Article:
The federal government has made a statement that it is ready to announce support for female athletes, however, despite their clamor to protect and uphold female-only spaces being carried out. Marci Ien, the Minister for Women and Gender Equality and Youth, has expressed her hope in enhancing the “economic security and prosperity of women through professional sport”, according to a media advisory.
Ien is expected to make this announcement on November 14, and she will be accompanied by Allison Sandmeyer-Graves, CEO of Canadian Women and Sport (CWS), at the Mattamy Athletic Centre. It is worth noting that this organization allows men who self-identify as women to compete in women’s sports. In a social media post from May 2022, Mattamy Athletic Center conveyed, “Transgender women belong in women’s sports.”
The implicit unfairness in this issue has been publicly denounced by Canadian powerlifter April Hutchinson, who is now facing a two-year ban by the Canadian Powerlifting Union (CPU) for repeatedly voicing her grievances. She has also taken legal representation through litigator Lisa Bildy of Libertas Law to challenge the Canadian Powerlifting Union.
There have been statements made by Hutchinson who mentioned that the CPU found her allegations of male bullying in the sport to be “frivolous and vexatious.” Despite sending a 13-page letter to debunk the accusations against her, the CPU refused to backtrack on her suspension. Hutchinson has also raised this issue in multiple appearances on The Ezra Levant Show, where she discussed her ongoing battle with the governance of powerlifting.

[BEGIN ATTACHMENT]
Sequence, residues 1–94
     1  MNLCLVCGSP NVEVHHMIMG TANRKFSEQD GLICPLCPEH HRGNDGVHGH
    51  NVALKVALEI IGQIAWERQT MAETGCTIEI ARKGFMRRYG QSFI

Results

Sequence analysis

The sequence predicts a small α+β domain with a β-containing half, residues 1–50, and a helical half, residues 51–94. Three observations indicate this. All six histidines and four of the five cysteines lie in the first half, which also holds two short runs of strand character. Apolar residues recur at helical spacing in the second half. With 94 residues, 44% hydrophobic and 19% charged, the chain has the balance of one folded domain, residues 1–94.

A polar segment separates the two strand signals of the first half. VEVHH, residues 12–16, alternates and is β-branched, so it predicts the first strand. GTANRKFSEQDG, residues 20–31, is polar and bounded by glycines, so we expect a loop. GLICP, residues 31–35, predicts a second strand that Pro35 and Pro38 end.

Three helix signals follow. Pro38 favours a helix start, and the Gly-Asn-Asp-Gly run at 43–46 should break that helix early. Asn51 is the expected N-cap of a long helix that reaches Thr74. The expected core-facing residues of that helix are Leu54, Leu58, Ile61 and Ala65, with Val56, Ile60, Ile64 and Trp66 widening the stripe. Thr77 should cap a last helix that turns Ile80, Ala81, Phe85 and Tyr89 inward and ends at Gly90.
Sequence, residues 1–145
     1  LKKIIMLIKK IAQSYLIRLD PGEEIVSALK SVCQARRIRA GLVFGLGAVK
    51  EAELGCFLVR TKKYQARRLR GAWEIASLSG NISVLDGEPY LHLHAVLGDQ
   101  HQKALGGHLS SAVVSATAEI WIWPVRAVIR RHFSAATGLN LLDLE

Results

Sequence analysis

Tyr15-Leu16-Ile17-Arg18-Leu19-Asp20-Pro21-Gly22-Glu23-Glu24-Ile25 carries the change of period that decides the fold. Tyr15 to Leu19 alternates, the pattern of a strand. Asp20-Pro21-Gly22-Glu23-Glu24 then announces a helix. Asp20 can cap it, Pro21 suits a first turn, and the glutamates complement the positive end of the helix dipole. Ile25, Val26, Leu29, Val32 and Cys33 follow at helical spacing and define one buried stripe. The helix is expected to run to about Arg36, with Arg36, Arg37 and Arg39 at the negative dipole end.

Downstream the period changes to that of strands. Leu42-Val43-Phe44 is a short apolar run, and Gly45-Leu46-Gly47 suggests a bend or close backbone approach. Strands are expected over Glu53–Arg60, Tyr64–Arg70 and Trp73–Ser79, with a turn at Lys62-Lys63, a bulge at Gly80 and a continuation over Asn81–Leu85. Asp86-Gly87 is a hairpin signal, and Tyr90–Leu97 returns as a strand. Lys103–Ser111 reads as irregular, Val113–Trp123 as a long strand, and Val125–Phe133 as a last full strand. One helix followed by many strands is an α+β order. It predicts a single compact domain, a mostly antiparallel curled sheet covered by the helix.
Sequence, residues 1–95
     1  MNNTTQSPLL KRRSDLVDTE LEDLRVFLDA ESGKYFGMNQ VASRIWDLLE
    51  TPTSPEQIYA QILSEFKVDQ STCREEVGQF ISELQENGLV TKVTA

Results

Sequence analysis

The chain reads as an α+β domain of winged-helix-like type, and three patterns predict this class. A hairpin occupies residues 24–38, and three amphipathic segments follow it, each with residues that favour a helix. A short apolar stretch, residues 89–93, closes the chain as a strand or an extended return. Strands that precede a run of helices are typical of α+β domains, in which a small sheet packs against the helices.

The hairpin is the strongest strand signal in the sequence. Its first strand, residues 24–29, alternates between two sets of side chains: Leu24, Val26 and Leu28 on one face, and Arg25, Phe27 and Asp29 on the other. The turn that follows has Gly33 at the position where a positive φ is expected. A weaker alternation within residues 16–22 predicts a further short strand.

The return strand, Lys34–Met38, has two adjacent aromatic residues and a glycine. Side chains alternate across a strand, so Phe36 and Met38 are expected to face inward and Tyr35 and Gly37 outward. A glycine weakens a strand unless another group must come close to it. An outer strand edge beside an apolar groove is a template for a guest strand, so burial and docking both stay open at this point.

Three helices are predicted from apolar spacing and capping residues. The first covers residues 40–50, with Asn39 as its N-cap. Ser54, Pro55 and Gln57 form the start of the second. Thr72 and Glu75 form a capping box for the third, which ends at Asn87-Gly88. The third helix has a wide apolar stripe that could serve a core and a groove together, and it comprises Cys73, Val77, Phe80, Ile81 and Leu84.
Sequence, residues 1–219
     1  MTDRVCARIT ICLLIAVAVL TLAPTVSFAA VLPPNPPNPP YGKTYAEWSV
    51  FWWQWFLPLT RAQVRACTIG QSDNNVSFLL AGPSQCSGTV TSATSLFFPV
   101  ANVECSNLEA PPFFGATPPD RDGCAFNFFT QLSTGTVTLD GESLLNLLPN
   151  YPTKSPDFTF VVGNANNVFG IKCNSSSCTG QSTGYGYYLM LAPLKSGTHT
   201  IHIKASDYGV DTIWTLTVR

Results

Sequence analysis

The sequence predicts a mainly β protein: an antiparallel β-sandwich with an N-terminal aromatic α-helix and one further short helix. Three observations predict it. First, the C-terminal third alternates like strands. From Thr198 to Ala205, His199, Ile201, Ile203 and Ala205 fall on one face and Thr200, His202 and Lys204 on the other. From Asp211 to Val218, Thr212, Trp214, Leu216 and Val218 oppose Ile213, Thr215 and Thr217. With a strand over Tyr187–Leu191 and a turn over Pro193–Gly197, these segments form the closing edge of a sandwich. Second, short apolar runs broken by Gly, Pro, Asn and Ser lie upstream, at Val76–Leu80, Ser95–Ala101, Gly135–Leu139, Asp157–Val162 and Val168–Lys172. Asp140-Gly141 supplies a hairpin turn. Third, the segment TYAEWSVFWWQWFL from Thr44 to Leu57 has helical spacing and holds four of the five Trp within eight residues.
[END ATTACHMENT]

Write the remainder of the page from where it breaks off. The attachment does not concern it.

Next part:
Past revelations by then Canadian Sports Minister Pascale St-Onge and a study by CWS have shown that the proportion of Canadian women participating in sports is considerably lower than men. This extends to an 84% non-participation rate among adult women. The Covid-19 pandemic has only made matters worse, with roughly 350,000 Canadian girls who played sports at least once a week not committing to returning after the pandemic.
Furthermore, CWS was funded $2 million by the Ottawa government as part of efforts to reduce barriers and retain women and girls in sport. According to Allison Sandemeyer-Graves, this inclusive approach to sport is believed to be a powerful avenue for advancing women’s rights and opportunities in Canadian society.
The refusal of the Canadian Powerlifting Union to address the concerns of female athletes and the continued support for transgender women competing in female sports is a matter that needs widespread national attention. The announcement of support for female athletes by the federal government is seen as contradictory to the failure to address issues of fairness and equity in women’s sports. This issue has sparked strong reactions from the athletic community, and it remains to be seen how the government and sports organizations will address the concerns of female athletes.